Arlington County residents who play their stereos too loud may soon face an increase in fines from $25 to a maximum of $2,500 after the state's highest court shot down the so-called reasonable person standard previously used to define noise-related complaints.

As a result, officials are now rewriting the county's 37-year-old noise ordinance and proposing increased fines and the possibility of jail time for violators.

Should the County Board approve the new regulations next month, the operators of predawn pile drivers and loud vehicles and owners of barking pets will all be subject to fines that have increased from the price of two pizzas to that of a fully loaded MacBook Pro.

"In this proposal, staff has done a good job of crafting potential solutions to the noise challenges we face as an increasingly urban community," said County Board Chairwoman Mary Hynes.

According to county records, loud parties or gatherings, construction noise, animal noise and live entertainment venues are the top four noise-related complaints filed by residents. Those found to be in violation of the current ordinance are either warned or fined $25.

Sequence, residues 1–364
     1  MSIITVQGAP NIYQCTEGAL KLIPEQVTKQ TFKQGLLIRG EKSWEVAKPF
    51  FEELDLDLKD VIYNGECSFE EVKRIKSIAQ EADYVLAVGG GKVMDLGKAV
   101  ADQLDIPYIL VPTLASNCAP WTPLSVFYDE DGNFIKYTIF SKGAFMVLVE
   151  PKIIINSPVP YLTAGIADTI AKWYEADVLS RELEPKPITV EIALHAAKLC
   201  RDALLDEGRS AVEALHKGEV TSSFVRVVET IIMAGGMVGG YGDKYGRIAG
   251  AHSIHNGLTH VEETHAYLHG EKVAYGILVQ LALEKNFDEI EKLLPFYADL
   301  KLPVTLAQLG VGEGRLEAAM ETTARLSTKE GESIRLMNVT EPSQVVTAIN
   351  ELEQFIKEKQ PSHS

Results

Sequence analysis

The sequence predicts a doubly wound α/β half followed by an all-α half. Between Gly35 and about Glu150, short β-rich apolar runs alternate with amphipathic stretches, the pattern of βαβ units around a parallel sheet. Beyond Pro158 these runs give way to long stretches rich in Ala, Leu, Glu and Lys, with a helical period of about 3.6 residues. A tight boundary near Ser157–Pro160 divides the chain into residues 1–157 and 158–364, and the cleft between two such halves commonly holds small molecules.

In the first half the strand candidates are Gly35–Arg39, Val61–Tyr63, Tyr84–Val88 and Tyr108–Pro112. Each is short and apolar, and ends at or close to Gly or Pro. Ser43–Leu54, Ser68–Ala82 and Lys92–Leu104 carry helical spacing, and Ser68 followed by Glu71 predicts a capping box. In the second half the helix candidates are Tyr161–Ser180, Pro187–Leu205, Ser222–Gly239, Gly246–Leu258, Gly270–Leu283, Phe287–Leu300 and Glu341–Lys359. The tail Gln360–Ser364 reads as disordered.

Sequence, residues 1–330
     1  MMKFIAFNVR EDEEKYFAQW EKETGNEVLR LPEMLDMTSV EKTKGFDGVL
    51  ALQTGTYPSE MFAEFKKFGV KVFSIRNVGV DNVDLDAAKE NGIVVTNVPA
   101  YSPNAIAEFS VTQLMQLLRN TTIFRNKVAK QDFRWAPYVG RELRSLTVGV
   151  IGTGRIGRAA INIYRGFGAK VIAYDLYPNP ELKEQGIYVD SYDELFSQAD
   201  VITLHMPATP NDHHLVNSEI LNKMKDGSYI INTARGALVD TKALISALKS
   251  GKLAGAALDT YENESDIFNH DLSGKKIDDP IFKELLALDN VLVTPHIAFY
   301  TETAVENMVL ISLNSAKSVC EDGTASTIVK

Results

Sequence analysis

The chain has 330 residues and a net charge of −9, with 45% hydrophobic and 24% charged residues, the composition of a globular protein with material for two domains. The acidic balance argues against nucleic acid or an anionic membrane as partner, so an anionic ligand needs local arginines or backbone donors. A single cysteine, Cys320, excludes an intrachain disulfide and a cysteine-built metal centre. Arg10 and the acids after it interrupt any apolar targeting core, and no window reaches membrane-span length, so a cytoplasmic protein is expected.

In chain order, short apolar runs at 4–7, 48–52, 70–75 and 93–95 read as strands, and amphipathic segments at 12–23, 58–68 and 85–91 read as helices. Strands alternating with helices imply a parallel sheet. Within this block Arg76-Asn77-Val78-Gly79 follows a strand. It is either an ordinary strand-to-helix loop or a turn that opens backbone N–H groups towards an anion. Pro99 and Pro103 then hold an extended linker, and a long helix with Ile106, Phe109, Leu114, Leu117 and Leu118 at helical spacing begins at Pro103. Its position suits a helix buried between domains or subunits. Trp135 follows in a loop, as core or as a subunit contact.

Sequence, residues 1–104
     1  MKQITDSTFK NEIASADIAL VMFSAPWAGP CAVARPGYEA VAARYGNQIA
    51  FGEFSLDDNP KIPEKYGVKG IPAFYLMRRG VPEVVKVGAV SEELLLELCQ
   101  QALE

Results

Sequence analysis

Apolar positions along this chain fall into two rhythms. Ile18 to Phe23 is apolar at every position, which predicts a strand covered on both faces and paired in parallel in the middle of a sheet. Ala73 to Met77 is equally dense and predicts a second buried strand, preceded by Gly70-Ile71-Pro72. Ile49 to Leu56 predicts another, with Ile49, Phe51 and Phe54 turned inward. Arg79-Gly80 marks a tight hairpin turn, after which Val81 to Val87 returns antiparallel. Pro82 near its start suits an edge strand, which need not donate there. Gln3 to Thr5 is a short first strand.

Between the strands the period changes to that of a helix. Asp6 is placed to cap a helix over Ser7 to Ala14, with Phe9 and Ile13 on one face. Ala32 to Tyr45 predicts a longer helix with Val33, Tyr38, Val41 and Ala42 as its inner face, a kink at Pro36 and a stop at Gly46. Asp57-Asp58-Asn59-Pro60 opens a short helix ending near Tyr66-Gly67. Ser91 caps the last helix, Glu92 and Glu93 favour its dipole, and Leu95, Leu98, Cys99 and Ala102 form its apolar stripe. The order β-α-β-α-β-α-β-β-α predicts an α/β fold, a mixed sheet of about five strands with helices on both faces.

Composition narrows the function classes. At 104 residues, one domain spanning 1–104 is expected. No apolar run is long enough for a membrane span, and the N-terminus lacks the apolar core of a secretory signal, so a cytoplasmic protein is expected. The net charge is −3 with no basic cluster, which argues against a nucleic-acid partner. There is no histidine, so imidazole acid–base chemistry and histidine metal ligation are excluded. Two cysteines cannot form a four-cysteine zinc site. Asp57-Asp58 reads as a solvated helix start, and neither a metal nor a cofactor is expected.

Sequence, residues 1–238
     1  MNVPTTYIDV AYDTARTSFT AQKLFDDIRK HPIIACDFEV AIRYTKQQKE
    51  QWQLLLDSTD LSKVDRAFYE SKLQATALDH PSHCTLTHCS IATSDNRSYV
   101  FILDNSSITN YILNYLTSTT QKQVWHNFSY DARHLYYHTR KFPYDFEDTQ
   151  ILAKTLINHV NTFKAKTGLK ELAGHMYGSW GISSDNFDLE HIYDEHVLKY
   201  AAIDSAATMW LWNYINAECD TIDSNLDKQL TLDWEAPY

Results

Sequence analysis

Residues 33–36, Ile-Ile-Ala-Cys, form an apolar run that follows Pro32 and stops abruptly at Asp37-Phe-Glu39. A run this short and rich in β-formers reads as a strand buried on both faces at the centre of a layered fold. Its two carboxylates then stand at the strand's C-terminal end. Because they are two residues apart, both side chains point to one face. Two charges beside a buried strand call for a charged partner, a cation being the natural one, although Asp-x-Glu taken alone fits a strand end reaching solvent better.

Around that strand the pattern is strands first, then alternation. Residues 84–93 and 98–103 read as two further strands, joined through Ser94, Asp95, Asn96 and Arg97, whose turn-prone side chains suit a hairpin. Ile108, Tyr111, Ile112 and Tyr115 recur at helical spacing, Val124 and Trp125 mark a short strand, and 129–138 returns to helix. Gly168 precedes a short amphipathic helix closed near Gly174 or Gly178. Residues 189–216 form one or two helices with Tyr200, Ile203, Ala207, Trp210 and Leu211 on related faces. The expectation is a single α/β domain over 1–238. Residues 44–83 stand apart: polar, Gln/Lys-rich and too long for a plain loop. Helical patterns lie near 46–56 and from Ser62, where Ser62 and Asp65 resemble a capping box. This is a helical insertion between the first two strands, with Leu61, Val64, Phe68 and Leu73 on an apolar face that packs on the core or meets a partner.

But if the new ordinance passes, the owners of dogs that bark once every minute for 10 minutes and disturb neighbors will be in violation of it and could be fined thousands of dollars, as are residents who play music or listen to their TVs so loudly that someone at least 20 feet away can hear them.

"I know that there have been some issues [with violations] in our neighborhood," said Stacey Whyte, president of the Arlington Heights Civic Association. "We're encouraging residents, especially those whose houses border businesses along [Columbia] Pike, to offer their feedback to the county."

The new noise standards are expected to increase the work hours of code enforcement and police officials as the changes are ushered in.

The county will host a pair of meetings this week to address the proposed changes, the first on Nov. 13 at 6 p.m. in the Navy League Building (2300 Wilson Blvd.) and the second on Nov. 14 at 7 p.m. at the Shirlington Library (4200 Campbell St.).